Made for the unthinkable sum of $7,000, Paul E. Garstki’s independent black-and-white Chicago-based feature both profits and suffers from its impoverished budget. On the plus side, a largely postdubbed sound track allows the filmmakers to tell parts of the story through the ingenious economical device of using answering-machine messages and imaginary phone conversations offscreen. A thoughtful use of local talent (stage actors John Ellerton, Warren Davis, and Diana Zimmer as the three leads and lots of local independent filmmakers in secondary parts) and locations also makes the best use of William Holst’s somewhat minimalist script, adapted from a story by Garstki. A reclusive art critic hires a young protege, who moonlights as a surveillance photographer, to go to work on a young woman (an odd plot with faint echoes of The Draughtsman’s Contract and Paul Bartel’s The Secret Cinema, without much of the humor connected to either). The main budgetary drawback is the nearly nonexistent social context; the stilted art-world talk generally fails to convince because there isn’t enough of a world in the film to establish it as either parody or the genuine article, and the characters themselves seem at times excessively limited by the exigencies of the plot. The result, then, is uneven but singular–a quirky, rather disturbing little film about voyeurism and loneliness. Read more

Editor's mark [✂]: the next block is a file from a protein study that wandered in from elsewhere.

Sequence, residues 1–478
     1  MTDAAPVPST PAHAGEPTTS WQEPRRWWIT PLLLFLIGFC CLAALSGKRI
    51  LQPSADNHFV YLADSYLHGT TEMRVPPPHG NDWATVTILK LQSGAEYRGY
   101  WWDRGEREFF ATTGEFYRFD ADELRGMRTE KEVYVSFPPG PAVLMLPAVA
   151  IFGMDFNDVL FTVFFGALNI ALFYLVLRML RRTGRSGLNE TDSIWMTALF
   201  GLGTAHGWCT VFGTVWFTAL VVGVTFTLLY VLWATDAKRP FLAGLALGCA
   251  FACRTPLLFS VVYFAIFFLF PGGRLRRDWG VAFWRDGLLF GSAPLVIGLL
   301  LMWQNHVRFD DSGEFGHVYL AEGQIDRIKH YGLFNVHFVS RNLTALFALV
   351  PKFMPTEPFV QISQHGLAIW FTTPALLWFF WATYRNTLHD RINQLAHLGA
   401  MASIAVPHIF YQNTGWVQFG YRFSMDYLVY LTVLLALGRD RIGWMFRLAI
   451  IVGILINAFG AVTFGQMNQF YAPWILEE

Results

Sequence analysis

The unholy mix of George Lucas’s colonialist nostalgia and Steven Spielberg’s fluency with action becomes more self-conscious in this fourth Indiana Jones outing. In 1957, two decades after the events of Indiana Jones and the Last Crusade, the hero (Harrison Ford) joins forces with his old flame from Raiders of the Lost Ark (Karen Allen) and a young punk (Shia LaBeouf) to combat a Commie villain (Cate Blanchett, doing a variation on Garbo’s Ninotchka) in a remote corner of Peru. The character and plot contrivances are dumber than ever, but this is basically vaudeville, not narrative, and the thrills keep coming. (Once Indy has survived a nuclear blast early on, going over three waterfalls in a row without wetting his lighter is par for the course.) Spielberg’s extravagant action, much of it staged on what look like old sets from King Kong, includes pointed steals from The Naked Jungle (1954), Land of the Pharaohs (1955), The Ten Commandments (1956), and his own Close Encounters, E.T., and A.I. PG-13, 124 min. (JR) Read more